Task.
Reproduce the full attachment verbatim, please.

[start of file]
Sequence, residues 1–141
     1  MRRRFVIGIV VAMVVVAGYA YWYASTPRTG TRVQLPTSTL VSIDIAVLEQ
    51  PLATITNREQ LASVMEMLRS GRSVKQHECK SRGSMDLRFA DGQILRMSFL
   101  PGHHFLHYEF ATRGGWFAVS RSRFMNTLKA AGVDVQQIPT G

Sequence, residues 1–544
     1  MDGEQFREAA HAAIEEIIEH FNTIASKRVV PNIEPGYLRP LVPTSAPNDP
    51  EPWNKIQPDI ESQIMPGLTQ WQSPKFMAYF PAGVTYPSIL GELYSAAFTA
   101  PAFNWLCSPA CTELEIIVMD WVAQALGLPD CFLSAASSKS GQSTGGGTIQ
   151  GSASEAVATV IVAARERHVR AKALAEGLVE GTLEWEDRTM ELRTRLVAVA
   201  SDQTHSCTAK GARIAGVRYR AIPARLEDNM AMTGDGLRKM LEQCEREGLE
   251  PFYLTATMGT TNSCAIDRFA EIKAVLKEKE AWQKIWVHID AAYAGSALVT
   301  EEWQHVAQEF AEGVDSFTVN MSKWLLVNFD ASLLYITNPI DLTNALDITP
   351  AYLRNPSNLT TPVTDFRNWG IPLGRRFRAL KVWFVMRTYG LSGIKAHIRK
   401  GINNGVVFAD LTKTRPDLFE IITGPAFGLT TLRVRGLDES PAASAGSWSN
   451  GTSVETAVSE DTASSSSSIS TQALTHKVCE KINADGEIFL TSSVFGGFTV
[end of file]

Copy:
Sequence, residues 1–141
     1  MRRRFVIGIV VAMVVVAGYA YWYASTPRTG TRVQLPTSTL VSIDIAVLEQ
    51  PLATITNREQ LASVMEMLRS GRSVKQHECK SRGSMDLRFA DGQILRMSFL
   101  PGHHFLHYEF ATRGGWFAVS RSRFMNTLKA AGVDVQQIPT G

Sequence, residues 1–544
     1  MDGEQFREAA HAAIEEIIEH FNTIASKRVV PNIEPGYLRP LVPTSAPNDP
    51  EPWNKIQPDI ESQIMPGLTQ WQSPKFMAYF PAGVTYPSIL GELYSAAFTA
   101  PAFNWLCSPA CTELEIIVMD WVAQALGLPD CFLSAASSKS GQSTGGGTIQ
   151  GSASEAVATV IVAARERHVR AKALAEGLVE GTLEWEDRTM ELRTRLVAVA
   201  SDQTHSCTAK GARIAGVRYR AIPARLEDNM AMTGDGLRKM LEQCEREGLE
   251  PFYLTATMGT TNSCAIDRFA EIKAVLKEKE AWQKIWVHID AAYAGSALVT
   301  EEWQHVAQEF AEGVDSFTVN MSKWLLVNFD ASLLYITNPI DLTNALDITP
   351  AYLRNPSNLT TPVTDFRNWG IPLGRRFRAL KVWFVMRTYG LSGIKAHIRK
   401  GINNGVVFAD LTKTRPDLFE IITGPAFGLT TLRVRGLDES PAASAGSWSN
   451  GTSVETAVSE DTASSSSSIS TQALTHKVCE KINADGEIFL TSSVFGGFTV